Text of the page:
A new review by Pieper et al 2013 aims to provide a comprehensive overview of the research on treatments for both pain and challenging behaviour in people with dementia.
It hinges around the fact that pain is commonly undertreated because it is not easy to recognise unless there is a diagnosed physical cause, and also because dementia sufferers may have great difficulty communicating their pain verbally.
Behavioural signs such as grimacing, guarding, resistance to care, pacing/rocking etc will give clues to the fact that a person with dementia is in pain, but these symptoms can be confused with other common neuropsychiatric symptoms of dementia such as aggression or agitation.
The causes of these behavioural symptoms are different and should be treated appropriately. However, their strong correlation means challenging behaviour irrespective of its cause is often over-treated, frequently with antipsychotic medication which has serious side effects and a harmful impact on quality of life.
By contrast, pain which may be the main cause of challenging behaviour is often undertreated although pain medication is less harmful to this vulnerable population.
The researchers systematically searched the literature for published studies only. The studies were included in the review if:
- The participants had a diagnosis of dementia: including Alzheimer Disease dementia, vascular dementia, Lewy body disease or frontotemporal dementia
- Focussed on an intervention (including analgesics, other medications, complementary therapies, movement, music therapy) designed to reduce pain and/or challenging behaviour (distress, wandering, aggression, apathy, agitation, depression etc)
- AND included outcome measurements on pain and/or behaviour (used observation or self-rating scales, questionnaires instruments measuring pain and/or behaviour
They excluded studies if they focused on interventions targeting:
- Behaviour, which did not measure pain outcomes
- Pain, but did not measure behaviour outcomes
- After screening the results of their search, the researchers included 16 studies in the review
- 6 studies on a pain intervention targeting pain and/or behaviour: interventions were all analgesic medications including opioids and paracetamol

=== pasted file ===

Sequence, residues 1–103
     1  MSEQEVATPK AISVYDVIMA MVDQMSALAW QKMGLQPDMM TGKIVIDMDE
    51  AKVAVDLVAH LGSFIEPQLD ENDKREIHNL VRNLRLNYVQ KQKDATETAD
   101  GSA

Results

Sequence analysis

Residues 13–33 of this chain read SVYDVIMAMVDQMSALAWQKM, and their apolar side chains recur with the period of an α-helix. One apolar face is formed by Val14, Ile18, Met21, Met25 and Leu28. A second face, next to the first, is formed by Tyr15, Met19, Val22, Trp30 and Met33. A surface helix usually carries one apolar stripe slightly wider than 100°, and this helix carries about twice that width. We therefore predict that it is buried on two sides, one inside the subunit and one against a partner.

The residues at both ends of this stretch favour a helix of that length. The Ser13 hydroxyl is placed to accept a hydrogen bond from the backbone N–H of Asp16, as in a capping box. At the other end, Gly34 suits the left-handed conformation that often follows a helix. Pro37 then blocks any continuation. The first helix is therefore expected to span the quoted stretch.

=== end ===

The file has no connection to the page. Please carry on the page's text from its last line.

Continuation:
- 1 study on a behavioural intervention targeting pain: a small study on music therapy
- 9 studies on an intervention targeting both pain and behaviour: including CBT, bathing methods, rocking, person-centred showering/towel bathing
The main thing that struck me when I looked more closely at the characteristics of the included studies was that there were none on antipsychotics; an all too common behavioural intervention. So logically, this means that no studies on antipsychotics for challenging behaviour measured pain as an outcome. On further examination of the Cochrane Dementia Group’s open access register of controlled dementia trials, known as ALOIS, trials on antipsychotics for behaviour also rarely reported any other quality of life outcomes. I find that pretty shocking.
The quality of all 16 studies was assessed using the recently developed but positively evaluated Mixed Methods Appraisal Tool (MMAT), which rated the studies on whether they met four quality criteria on quantitative and qualitative aspects of the study methods. Only one trial met all four criteria for “quantitative randomised” and only one study met all four criteria for “quantitative non-randomized”. No relevant mixed-methods or qualitative studies were identified.
Only published studies were included. No attempt was made by the researchers to access the results of completed but unpublished trials by searching trials registers such as http://clinicaltrials.gov/. This means the results of the review may have been affected by publication bias.
From looking at the relatively small number of 16 trials the researchers said that the evidence suggests that
Pain interventions targeting behaviour and behavioural interventions targeting pain are effective in reducing pain and behavioural symptoms in dementia.
They acknowledged in the discussion that the review’s conclusion should be interpreted with caution as the quality of the studies was moderate and there were big differences between the studies in methodology, interventions and outcome measures used.
My own view
Until the urgently needed research can be done to try and understand the complex relationship between pain and behaviour in dementia better, it’s clear that better pain assessment and management has got to be an integral part of strategies to manage challenging behaviour.
Right now, what’s stopping the dementia research community and patient advocates raising awareness of this important issue? Guidance should be provided immediately to professional and informal caregivers to help stop the unnecessary suffering caused by the under-detection and under-treatment of pain in people with dementia.
Pieper, M.J.C., et al., Interventions targeting pain or behaviour in dementia: A systematic review. Ageing Res. Rev. (2013) [Abstract]